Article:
Democrat candidate familiarizes with Brookings community

Sara Bertsch News Editor

Small businessman Rick Weiland stopped in Brookings for a second time campaigning for the senate position on Tuesday, Jan. 28. He adamantly tells the crowd at Brookings that all the money is in the big businesses and we need to take it back.

For his “Take It Back” rally, Weiland is driving across the state of South Dakota to several towns to get his name heard. His stop this time was at the Cottonwood Bistro in Brookings. His first trip was a few months back when he was on SDSU’s campus campaigning. 

“I’m really excited to be here … we’ve been traveling since July 16,” Weiland said. 

Weiland and his team have been to 271 towns across the state so far and plan on attending 361. For the rest of this week their next stop is Pierre and Fort Pierre and eventually going west to Cheyenne River, Timber Lake and towns north of Bell Fourche. 

Weiland has also been to several college towns including Vermillion, Madison and Aberdeen. He believes that college students have a huge stake in the election. He wants to spend more time on college campuses in hope to get more student votes.

He believes that the government needs a ‘moonshot’ when it comes to education. He wants to invest in some of the basic infrastructure of education. Weiland said, “I am really passionate about education … we need to continue to invest in it, it’s our future.”

In order to gain student votes, Weiland said that he wants to make education more affordable. Also he claims students should be able to get a good job after completing their education. “That is the way it is supposed to be … cost is frightening and there’s a mountain of debt that comes with higher education, where’s the incentive in that?” Weiland said. 

The discussion of education led him to talk about minimum wage and what students are doing in order to afford going to school. Currently the minimum wage is set at $7.25 and Weiland hopes to raise it to $8.50. He said that approximately 62,000 people in South Dakota will get a raise and 80 percent of those people are adults. 

In another part of Weiland’s campaign, he said that ‘big money’ is taking over. “It should be of the people, for the people, and by the people, not by ‘big money,’” Weiland said.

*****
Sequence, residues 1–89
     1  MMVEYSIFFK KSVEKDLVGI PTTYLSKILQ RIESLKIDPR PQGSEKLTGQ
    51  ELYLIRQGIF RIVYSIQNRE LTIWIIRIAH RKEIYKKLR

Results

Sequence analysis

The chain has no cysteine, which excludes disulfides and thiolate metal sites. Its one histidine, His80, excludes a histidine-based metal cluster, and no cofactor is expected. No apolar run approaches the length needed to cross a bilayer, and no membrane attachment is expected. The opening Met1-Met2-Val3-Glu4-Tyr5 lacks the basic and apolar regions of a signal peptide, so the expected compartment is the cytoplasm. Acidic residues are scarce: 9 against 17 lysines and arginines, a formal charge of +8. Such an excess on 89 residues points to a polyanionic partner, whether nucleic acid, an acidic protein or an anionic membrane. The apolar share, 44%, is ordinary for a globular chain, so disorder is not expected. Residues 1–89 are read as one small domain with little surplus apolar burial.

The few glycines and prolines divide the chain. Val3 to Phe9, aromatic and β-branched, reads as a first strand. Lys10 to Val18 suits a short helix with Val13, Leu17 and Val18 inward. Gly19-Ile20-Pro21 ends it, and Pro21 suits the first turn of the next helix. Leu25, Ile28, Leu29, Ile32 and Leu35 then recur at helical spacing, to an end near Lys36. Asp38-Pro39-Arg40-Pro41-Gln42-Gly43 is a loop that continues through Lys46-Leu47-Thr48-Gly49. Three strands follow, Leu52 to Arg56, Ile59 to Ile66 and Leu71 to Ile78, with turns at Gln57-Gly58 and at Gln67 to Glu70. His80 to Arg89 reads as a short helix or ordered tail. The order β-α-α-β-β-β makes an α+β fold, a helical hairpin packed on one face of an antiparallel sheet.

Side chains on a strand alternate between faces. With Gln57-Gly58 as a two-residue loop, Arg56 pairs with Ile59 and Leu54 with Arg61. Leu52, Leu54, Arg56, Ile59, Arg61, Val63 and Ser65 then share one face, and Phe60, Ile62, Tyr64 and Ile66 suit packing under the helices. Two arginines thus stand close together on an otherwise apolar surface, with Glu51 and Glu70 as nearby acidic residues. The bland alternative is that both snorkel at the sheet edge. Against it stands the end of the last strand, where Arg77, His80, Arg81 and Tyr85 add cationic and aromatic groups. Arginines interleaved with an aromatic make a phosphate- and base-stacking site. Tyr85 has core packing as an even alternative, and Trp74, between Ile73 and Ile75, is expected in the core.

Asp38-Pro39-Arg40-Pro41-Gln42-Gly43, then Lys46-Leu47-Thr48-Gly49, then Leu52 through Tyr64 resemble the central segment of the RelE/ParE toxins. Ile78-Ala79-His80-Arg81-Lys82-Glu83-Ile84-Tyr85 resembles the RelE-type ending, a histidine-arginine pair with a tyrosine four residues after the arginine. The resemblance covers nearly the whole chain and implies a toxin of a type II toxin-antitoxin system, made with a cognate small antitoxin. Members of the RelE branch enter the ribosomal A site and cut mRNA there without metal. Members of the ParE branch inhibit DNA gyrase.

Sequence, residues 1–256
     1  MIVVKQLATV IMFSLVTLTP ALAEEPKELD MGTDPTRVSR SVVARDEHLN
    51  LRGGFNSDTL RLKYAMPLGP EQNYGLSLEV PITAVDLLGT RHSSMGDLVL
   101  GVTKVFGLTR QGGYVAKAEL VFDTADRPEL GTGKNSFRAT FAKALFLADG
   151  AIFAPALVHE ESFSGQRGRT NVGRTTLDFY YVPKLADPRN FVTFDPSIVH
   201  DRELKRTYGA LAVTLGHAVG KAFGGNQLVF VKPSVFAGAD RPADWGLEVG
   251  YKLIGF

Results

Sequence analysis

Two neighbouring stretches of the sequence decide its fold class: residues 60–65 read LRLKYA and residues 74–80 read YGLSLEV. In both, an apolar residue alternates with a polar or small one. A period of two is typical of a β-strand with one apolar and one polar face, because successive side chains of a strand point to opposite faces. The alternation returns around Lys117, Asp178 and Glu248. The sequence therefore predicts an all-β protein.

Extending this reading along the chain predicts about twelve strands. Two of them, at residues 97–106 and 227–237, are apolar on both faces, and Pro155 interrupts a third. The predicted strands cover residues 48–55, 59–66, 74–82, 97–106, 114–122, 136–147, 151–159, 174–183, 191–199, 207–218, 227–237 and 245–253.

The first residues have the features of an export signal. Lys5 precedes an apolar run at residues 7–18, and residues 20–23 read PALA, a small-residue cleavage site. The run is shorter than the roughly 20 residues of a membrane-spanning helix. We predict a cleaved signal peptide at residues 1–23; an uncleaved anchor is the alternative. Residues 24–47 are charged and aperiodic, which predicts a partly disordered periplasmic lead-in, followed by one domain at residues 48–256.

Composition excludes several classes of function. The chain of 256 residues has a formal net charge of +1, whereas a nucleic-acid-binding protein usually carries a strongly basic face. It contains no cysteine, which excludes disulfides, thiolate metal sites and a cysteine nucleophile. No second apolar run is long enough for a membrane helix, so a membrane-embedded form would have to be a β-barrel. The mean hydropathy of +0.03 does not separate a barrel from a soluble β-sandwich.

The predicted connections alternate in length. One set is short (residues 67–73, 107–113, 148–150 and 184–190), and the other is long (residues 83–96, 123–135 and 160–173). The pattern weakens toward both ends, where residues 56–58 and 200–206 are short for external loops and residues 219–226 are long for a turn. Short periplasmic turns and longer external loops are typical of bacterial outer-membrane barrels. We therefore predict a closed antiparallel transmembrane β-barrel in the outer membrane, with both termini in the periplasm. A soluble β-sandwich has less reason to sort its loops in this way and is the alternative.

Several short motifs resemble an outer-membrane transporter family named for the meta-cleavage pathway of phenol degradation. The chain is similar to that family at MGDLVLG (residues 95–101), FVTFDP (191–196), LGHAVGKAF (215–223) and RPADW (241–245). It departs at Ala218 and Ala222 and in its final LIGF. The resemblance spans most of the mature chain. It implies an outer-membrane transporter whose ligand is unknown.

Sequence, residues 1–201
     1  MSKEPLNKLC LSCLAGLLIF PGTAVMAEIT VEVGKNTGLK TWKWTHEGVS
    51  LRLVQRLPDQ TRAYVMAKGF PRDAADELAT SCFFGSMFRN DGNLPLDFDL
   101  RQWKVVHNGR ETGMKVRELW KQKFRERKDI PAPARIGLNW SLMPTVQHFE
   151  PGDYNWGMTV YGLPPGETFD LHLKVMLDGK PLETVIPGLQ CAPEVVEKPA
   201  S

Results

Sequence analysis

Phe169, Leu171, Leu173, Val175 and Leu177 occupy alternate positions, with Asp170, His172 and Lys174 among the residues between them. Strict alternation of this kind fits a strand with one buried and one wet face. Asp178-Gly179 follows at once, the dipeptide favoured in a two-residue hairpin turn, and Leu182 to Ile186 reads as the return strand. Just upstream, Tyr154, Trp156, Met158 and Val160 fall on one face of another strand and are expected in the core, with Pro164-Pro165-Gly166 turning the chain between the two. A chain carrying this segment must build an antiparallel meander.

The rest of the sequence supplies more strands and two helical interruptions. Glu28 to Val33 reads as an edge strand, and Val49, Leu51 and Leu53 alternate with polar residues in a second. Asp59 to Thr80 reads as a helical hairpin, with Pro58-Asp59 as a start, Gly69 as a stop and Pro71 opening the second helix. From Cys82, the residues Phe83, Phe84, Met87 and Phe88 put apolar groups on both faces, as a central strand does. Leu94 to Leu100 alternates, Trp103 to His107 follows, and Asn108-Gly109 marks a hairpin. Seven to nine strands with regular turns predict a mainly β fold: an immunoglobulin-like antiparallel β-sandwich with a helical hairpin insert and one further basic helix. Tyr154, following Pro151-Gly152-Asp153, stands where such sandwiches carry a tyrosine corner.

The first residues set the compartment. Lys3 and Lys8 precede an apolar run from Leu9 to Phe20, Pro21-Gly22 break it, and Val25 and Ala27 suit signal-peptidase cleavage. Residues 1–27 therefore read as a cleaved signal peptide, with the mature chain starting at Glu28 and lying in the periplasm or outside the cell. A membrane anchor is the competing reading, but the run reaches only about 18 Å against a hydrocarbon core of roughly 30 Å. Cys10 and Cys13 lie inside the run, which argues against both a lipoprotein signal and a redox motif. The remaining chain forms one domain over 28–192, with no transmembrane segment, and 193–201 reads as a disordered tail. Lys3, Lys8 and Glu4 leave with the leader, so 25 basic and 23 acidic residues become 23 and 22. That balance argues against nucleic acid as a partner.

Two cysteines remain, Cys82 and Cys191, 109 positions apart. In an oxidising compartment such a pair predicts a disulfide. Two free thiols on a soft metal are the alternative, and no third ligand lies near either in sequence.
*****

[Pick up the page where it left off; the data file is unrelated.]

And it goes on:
‘Big money,’ according to Weiland, includes large corporations, banks, and oil companies. Ever since the Clintons were in the White House, ‘big money’ has controlled public policy. “It’s our government and country, we need to take back our democracy from ‘big money,’” Weiland said.

In addition to his rant over ‘big money,’ Weiland talked about the energy policy. He said that $9 billion has gone to the oil industry and the lobbyists that are hired from the oil industries are roaming the capitol in Washington, D.C. spending the money and ‘it is jeopardizing our future.’

According to Weiland, another candidate running for senate, Mike Rounds, has boasted that he was raising $9 million for his own campaign and 80 percent of his time has been towards raising money. “We can match his $9 million and get a better public policy,” Weiland said.

Around 30 people were in attendance to the public meeting at the Cottonwood Bistro. Several were enthusiastic about Weiland. He told the people at the meeting that he doesn’t allow contributions over $100. He asked for support of $9 in his “nine against nine million” campaign countering Rounds. 

This is Weiland’s 81st public meeting. Already, nine tribes endorse his campaign. 

Weiland decided to run because he believes that he has the right balance between private and public sector. He also has worked with Tom Daschle on his campaign when he was younger.

When asked about his democratic stance, Weiland responded that he always votes for the people he thinks are fair, objective, and forthright. He said, “Let the people of South Dakota decide.”

In the upcoming election, Weiland knows he is the underdog but continues to be positive. He hands out his card everywhere he goes and does door-to-door knocking just introducing himself to people. 

Weiland said, “It’s all about talking to people, we don’t have to have $9 million to win this campaign … I need all of you.”